Genetic alterations in autism spectrum disorder (ASD) ultimately manifest at the protein level. Because of the strongest discordance between RNA expression and protein abundance specific to the brain cortex and the functional convergence of the ostensibly heterogeneous genomic mutations in ASD onto specific protein interaction pathways, Jingjing Li, Arnold Kriegstein, Michael Snyder and Mohan Babu therefore propose to generate high-resolution quantitative proteome and interactome maps in the developing cerebral cortex to uncover mutationally convergent pathways in ASD.
The research team has established a collection of 110 fresh, frozen, typically developing human cerebral cortical samples from the first, second and third trimesters of gestation as well as from infant, child and adolescent age groups. These age groups represent key brain developmental stages before, during and after the onset of ASD. The team plans to leverage state-of-the-art, high-precision mass spectrometers (i.e., the Orbitrap Eclipse Tribrid platform, which enables single-cell proteomic profiling) to deeply profile these samples and, for the first time, generate a panoramic view of the proteome and interactome landscapes in the developing human cerebral cortex.
Preliminary experiments based on prenatal cortical samples from the second trimester have demonstrated the precision and clinical relevance of the proteomic data that the team is able to collect. In the current project, the group plan to use tandem mass tags (TMT) and mass spectrometry (MS3) methods to measure proteome-wide protein abundance in the developing human cerebral cortex across the developmental stages mentioned above, followed by single-cell proteomic profiling targeting the second trimester samples (different cortical layers), which represents a critical developmental stage in ASD. They also plan to perform bulk and single-cell transcriptomic profiling in the same tissue samples, enabling direct comparisons between transcriptomes and proteomes at bulk and single-cell resolutions.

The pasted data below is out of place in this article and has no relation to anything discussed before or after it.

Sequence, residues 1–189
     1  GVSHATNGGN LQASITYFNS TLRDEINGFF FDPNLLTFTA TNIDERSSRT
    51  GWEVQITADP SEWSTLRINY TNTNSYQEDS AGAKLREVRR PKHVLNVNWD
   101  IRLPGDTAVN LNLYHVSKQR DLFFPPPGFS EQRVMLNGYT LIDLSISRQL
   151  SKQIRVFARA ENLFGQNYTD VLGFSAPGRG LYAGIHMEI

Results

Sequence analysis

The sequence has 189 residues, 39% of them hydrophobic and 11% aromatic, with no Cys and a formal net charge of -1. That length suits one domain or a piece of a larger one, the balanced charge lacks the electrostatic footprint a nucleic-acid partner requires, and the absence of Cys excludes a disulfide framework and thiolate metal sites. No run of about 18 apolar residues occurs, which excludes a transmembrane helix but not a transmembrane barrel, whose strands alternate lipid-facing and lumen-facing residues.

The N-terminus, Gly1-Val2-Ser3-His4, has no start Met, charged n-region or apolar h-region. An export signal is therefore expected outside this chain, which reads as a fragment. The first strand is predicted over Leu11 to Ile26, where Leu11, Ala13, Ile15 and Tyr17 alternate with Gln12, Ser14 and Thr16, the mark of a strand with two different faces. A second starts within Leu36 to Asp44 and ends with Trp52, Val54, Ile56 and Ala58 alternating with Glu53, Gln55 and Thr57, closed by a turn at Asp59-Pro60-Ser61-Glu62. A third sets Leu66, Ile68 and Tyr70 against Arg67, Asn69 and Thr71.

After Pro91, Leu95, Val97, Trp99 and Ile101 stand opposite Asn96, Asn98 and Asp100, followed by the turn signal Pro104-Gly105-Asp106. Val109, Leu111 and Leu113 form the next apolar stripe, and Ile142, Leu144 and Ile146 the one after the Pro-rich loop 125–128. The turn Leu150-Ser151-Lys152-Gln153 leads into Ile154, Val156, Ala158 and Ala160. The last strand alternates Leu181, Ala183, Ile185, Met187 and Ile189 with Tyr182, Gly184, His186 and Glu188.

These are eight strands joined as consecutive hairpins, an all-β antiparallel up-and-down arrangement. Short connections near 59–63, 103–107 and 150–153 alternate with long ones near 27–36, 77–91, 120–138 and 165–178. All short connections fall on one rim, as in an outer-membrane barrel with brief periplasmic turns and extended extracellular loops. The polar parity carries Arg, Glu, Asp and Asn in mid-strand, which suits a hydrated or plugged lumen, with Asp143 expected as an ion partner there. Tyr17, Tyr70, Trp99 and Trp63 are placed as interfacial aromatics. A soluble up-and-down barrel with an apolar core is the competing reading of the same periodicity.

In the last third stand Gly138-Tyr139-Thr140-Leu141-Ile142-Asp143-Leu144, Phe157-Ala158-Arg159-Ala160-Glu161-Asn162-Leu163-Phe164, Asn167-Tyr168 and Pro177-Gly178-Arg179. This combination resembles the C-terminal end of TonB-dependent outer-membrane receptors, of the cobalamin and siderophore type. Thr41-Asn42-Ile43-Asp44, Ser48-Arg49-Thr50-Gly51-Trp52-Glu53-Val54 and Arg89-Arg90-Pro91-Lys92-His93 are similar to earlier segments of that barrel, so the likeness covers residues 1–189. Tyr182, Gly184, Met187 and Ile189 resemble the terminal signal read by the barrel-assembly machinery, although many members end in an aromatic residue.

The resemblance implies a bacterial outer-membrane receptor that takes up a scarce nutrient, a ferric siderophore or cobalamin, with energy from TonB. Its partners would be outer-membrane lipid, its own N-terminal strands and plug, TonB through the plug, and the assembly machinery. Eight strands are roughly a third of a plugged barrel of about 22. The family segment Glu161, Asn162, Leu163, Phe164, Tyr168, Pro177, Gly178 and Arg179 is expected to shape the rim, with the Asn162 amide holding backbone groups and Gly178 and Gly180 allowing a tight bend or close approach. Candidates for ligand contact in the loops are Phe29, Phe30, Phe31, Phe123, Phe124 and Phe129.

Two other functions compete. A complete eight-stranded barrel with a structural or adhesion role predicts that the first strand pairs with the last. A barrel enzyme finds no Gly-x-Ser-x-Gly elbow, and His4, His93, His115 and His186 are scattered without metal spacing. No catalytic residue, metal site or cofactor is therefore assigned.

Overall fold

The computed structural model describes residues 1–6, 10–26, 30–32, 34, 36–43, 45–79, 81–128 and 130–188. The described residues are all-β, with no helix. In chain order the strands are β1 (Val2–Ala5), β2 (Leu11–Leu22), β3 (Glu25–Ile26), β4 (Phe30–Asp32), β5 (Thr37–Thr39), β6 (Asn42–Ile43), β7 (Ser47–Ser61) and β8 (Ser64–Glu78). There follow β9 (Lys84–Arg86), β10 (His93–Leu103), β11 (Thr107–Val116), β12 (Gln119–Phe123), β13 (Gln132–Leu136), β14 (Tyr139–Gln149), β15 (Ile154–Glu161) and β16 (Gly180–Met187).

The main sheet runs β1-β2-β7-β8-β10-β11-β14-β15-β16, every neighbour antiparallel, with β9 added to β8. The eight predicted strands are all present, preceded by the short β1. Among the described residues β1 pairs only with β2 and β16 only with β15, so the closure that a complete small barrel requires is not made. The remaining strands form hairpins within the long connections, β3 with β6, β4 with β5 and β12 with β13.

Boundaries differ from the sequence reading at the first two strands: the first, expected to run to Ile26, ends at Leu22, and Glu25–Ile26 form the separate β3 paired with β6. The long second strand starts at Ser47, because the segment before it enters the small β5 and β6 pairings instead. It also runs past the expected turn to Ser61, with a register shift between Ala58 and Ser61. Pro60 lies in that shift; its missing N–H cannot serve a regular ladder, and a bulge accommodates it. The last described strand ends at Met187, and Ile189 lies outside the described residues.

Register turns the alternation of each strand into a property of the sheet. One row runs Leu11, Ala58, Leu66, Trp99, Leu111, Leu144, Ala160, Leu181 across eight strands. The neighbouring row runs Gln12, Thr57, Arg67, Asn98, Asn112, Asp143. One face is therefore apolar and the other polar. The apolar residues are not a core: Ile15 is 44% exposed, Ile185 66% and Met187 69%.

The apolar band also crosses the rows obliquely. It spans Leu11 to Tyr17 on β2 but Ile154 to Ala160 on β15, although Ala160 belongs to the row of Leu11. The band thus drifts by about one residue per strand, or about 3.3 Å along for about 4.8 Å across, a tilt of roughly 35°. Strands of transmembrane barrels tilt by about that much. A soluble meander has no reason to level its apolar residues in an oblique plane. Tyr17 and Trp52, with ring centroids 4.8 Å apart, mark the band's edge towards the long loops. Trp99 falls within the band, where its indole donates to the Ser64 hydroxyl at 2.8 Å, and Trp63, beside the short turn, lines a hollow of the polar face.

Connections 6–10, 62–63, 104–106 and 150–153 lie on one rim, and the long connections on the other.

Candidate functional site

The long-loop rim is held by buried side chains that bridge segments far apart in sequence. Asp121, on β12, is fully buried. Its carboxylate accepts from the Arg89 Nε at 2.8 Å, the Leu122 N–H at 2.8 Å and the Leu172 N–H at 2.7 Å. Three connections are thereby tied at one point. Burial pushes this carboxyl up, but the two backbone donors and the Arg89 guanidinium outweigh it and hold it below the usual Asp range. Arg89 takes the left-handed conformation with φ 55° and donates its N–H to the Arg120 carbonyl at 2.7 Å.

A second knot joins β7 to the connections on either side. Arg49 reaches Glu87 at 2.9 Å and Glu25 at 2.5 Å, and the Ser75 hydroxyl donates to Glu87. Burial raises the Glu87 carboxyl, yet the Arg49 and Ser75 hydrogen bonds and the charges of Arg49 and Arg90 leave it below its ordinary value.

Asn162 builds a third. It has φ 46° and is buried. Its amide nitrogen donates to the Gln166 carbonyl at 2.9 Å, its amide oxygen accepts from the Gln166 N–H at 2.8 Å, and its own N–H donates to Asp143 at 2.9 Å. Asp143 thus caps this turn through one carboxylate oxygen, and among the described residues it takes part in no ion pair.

The concordance and discordance between RNA expression and protein abundance in each cell type from different cortical layers and at varying developmental stages will be determined. In parallel, they also plan to perform co-fractionation/mass spectrometry (CF/MS) to identify protein assemblies at a subcellular resolution (targeting nuclear, mitochondrial and cytosolic compartments) in the cortical samples across the different stages, constructing cortex-specific and developmental-stage-specific protein interactomes and revealing key protein interactions or complexes involved in cortical development. Most notably, the unprecedented subcellular resolution in the developing brain will, for the first time, enable functional investigations of the emerging role of mitochondrial dysfunction in ASD.
The team also plans to use machine learning to integrate the generated proteome and interactome atlas data with large-scale SFARI datasets of ASD whole-exome and genomes (from the Simons Simplex Collection and SPARK) to identify mutationally convergent pathways, as well as tissue(s) of origin, in ASD pathophysiology. Upon the project’s completion, all the generated data will be made available to the science community.
Extending from recent work on charting proteomic maps of the human body, this study will reveal the abundance, composition and topology of protein complexes in discrete regions of the developing brain in a native physiological context. Results from this study are expected to advance our understanding of the molecular etiologies of ASD and pave the way for the development of novel therapeutics.